BLACK CADILLAC Rosanne Cash
"Every drop of rain that falls, falls for those who mourn / God is in the roses and the thorns."
In the weeks and months to come, if the publicity machine works according to plan, you will read much about how Black Cadillac is Rosanne Cash's tribute record to her mother, father, and stepmother, who all died in the last two and a half years. It is true--the CD is full of brilliant songs about mortality, love, loss, and acceptance. Hundreds of words will be written about the many ways Cash's lyrics paint poignant pictures of her relationships with her ancestors, and rightly so; one of the appeals of Country music is that it deals with adult themes and there is none more adult than leaving this mortal coil. But permit me here to focus instead on how Black Cadillac reflects Rosanne Cash the singer, the musician, and the unique artist, rather than the daughter.
You may have heard how she lost her ability to sing a few years ago, and for a scary time thought she might not regain it. Rules of Travel showed that the pipes had returned, and on this CD her vocals are stronger than they have ever been. Never one to rely on melismatic excess, or breathy, little girl seduction, Rosanne has taken a limited but distinctive instrument and built a career on instant recognizability, flawless phrasing, and unerring honesty. Her vocals have always hinted at country roots without any artificial twang, allowing her to easily straddle the extremes from Rhythm & Romance's pop gloss, to King's Record Shop's stripped-down grit. It was all embodied in her first big hit, "Seven Year Ache," where small town story telling met big city production.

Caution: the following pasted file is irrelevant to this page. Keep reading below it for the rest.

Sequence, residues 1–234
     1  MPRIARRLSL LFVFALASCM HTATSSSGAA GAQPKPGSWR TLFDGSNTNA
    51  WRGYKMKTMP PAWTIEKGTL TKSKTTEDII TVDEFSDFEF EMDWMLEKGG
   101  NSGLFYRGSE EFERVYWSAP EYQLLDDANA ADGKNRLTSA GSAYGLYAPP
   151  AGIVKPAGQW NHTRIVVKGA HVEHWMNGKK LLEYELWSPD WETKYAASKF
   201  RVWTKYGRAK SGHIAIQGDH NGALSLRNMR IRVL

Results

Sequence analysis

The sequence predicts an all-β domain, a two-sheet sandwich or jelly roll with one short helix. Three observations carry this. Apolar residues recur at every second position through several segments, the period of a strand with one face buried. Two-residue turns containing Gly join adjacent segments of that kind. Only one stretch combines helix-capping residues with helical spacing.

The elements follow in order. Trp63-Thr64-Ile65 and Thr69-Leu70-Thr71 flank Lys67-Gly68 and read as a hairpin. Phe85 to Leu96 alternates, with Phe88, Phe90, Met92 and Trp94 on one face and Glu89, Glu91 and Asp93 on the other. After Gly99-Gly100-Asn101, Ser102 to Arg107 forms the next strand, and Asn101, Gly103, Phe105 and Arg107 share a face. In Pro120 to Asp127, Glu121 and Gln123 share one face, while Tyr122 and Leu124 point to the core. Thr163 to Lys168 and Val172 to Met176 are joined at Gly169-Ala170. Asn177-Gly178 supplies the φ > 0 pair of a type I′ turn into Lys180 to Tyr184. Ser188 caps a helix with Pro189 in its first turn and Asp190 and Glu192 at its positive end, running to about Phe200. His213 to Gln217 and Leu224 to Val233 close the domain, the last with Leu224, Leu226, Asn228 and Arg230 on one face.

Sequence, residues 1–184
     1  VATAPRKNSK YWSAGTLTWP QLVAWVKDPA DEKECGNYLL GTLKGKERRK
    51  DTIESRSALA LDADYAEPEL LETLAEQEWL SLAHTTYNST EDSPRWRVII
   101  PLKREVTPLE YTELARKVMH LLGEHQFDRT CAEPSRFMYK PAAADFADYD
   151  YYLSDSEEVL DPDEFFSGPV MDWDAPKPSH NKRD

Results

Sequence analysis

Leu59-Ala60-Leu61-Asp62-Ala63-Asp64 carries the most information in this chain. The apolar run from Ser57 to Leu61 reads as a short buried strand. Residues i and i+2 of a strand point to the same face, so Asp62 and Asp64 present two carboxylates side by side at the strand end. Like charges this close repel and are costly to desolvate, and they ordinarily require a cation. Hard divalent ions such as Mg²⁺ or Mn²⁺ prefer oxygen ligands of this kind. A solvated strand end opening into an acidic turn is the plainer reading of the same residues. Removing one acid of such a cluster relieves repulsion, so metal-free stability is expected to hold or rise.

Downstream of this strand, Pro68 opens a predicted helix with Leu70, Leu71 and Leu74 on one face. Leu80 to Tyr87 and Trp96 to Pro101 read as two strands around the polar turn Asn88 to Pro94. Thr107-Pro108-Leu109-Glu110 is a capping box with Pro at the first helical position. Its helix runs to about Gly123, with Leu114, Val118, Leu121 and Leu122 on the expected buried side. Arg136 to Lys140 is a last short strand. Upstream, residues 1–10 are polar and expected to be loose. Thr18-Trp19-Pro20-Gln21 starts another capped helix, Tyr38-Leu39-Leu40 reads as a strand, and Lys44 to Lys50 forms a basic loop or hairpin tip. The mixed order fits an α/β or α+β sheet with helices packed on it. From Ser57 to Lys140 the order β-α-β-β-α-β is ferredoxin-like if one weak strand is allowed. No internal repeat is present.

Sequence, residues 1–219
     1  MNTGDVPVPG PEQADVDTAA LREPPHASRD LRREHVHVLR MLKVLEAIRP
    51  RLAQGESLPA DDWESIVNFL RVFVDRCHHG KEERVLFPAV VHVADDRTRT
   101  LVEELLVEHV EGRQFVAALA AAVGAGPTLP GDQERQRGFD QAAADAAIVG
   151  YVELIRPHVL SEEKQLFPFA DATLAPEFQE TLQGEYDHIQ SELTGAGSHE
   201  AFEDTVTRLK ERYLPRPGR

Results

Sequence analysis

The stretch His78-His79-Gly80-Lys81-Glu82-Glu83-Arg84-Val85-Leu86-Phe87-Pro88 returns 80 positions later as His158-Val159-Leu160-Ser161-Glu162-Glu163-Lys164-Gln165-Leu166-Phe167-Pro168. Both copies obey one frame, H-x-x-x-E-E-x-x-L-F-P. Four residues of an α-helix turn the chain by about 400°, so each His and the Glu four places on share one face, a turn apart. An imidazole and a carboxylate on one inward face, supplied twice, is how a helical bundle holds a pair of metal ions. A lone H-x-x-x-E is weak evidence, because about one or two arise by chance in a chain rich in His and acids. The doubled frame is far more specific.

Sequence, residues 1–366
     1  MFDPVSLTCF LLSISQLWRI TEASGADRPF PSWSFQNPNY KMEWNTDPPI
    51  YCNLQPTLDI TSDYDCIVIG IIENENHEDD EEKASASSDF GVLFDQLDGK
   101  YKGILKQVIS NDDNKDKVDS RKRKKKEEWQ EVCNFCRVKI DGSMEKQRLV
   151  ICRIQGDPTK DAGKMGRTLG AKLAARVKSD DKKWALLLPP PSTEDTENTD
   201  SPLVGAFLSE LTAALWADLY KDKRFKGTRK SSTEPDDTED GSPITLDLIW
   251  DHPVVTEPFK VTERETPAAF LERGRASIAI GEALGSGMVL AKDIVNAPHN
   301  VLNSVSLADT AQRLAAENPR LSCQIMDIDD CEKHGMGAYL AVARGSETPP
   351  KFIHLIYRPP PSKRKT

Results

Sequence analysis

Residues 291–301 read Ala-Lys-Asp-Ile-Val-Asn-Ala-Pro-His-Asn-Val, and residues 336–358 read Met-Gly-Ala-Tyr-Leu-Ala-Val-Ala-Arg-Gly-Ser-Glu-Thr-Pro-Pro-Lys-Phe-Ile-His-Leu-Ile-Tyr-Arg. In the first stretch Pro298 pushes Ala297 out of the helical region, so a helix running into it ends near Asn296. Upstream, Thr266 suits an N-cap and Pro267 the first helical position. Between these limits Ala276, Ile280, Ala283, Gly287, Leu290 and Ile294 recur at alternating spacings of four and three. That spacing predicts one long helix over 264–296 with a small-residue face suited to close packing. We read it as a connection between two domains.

The production chores on Black Cadillac are evenly divided, with Bill Bottrell (Sheryl Crow, Linda Perry) and husband/guitarist John Leventhal (Shawn Colvin), alternating tunes. They manage to represent both the dichotomy and the melding of Cash's pop and roots sides. Bottrell's approach leans toward a keyboard weighted pop with rootsy undertones, while Leventhal's methodology is based in twangy guitars, with pop touches. At one point the two men cross over into each other's territory, with Bottrell couching the impossibly catchy, melodicism of "Dreams Are Not My Home" in chiming guitars and Leventhal swathing "Like A Wave" in moody, atmospheres. As throughout her recording history, Rosanne sounds equally at home in both settings, and her songs here are well served by the talents of both men.
Carrying on a dignified career in the glare of the pop music spotlight is not easy, but Ms. Cash has managed to write the book on how to navigate early stardom without losing your way. Barring the same fashion faux pas we were all heir to in the Eighties, she has always been the epitome of taste, turning out eleven classic records in twenty-seven years. This is probably because she only makes them when she means themand she never meant one more than Black Cadillac. Michael Ross
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